- Tax reform
- Healthcare cost reduction
- Mandatory spending cuts
- Social Security reform
- Budget process reform
According to the plan, $4 trillion can be removed from the deficit by the year 2020. The goal should be for the deficit to be no more than 2.3 percent of GDP by 2015. The federal tax code should sharply reduce marginal tax rates at the corporate and the personal income tax level while at the same time eliminating "backdoor spending" through the tax code; it also should abolish the alternative minimum tax.
Further, the federal government should cap revenue received from taxes at 21 percent of GDP within 5-7 years and federal spending should be reduced to 21 percent of GDP over a 5-10 year period. Congress must place Social Security on a solvent foundation; the report recommends using revised retirement dates to reflect the longer life spans of Americans as well as "means testing" payouts. The plan also calls for the stabilization of debt by the year 2014 and a reduction of the debt to 60 percent of GDP by 2023 and 40 percent by 2035.
Each section of the six-part plan includes key highlights.
The report calls for the cap of discretionary spending in 2012 to the level of the pre-2008 crisis. In the future, the deficit spending can only grow at one-half of the inflation rate through 2020.
A firewall should exist between traditional defense spending for the security of the country and non-security spending. It is noteworthy that two-thirds of the discretionary budget is spent on defense and security -- protecting America -- and one-third on education, housing, law enforcement, R&D and the like.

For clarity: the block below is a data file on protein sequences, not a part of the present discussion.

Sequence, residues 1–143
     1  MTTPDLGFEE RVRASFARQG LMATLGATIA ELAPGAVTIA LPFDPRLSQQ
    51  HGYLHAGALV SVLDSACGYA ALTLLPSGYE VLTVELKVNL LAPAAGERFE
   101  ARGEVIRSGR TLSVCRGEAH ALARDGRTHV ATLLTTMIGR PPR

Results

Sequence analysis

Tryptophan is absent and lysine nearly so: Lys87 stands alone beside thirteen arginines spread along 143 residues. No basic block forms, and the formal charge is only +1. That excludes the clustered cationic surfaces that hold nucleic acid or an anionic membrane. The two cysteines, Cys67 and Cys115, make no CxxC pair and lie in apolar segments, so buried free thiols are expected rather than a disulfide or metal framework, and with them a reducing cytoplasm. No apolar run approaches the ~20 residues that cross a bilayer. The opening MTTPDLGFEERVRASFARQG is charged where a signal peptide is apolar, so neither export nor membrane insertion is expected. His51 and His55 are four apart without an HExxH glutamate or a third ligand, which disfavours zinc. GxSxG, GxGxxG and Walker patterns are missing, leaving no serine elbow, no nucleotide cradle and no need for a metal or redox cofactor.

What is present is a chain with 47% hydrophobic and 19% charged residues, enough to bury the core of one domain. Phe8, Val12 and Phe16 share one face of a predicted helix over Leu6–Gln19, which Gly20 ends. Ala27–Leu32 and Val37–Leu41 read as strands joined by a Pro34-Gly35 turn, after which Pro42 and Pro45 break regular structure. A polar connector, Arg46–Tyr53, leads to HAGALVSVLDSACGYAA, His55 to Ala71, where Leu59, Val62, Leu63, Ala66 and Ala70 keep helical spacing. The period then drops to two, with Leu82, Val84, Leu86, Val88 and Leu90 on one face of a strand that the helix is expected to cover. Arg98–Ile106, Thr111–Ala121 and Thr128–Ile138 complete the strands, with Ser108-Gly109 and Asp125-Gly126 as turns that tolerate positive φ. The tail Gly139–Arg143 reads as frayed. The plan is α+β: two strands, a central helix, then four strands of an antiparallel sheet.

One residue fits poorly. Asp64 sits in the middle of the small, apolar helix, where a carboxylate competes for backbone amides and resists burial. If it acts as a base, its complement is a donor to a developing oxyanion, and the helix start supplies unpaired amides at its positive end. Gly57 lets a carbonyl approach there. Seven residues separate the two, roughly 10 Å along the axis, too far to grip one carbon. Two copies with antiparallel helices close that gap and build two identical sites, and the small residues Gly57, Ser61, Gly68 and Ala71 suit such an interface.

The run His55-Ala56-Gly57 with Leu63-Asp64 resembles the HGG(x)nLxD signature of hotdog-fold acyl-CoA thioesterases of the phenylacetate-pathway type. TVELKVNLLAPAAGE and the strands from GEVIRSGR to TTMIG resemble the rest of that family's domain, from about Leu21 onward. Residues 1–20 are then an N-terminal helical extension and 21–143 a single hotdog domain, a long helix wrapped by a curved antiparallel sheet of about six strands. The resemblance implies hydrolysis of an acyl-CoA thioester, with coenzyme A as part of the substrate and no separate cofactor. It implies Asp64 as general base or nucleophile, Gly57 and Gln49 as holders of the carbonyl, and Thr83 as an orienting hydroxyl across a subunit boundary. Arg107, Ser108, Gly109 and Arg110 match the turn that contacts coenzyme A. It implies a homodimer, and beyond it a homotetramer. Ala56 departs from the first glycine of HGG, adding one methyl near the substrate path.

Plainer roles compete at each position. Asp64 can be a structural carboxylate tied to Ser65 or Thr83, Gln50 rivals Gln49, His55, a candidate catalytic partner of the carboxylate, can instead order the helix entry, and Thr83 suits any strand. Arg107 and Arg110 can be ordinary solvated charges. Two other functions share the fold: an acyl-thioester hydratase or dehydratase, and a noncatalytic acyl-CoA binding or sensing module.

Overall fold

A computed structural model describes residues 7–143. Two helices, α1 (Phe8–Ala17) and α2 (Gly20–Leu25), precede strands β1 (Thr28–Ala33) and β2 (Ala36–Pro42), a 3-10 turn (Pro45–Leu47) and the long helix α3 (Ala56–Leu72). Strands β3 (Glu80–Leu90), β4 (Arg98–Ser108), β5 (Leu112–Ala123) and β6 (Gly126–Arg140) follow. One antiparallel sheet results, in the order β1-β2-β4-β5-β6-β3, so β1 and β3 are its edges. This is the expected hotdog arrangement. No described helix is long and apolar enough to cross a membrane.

The report calls for firm caps on both security and non-security discretionary spending with certain percentage reductions so that they fall to a proper level by the year 2015. Caps would be enforced through a 60-vote supermajority requirement to spend anything above the caps; if at the end of the budget cycle there is an overrun, an abatement process would occur across the board to bring the deficit into line with the cap.
The report proposes a new examination of war spending in contrast to normal defense spending. It also proposes establishment of a disaster fund in order to budget honestly for catastrophes as they occur. It calls for the full funding of a Transportation Trust Fund through the dedication of a 15 cent per gallon gas tax dedicated to transportation funding and infrastructure and at the same time eliminate earmarks.
It also proposes establishment of a "Cut and Invest Committee" designed to exact savings from the federal budget and invest them in high priority research and development. For example, if 2 percent of the discretionary budget is cut, 1 percent of that could be invested in R&D. It estimates that over $200 billion in cost savings should occur resulting in $100 billion to invest.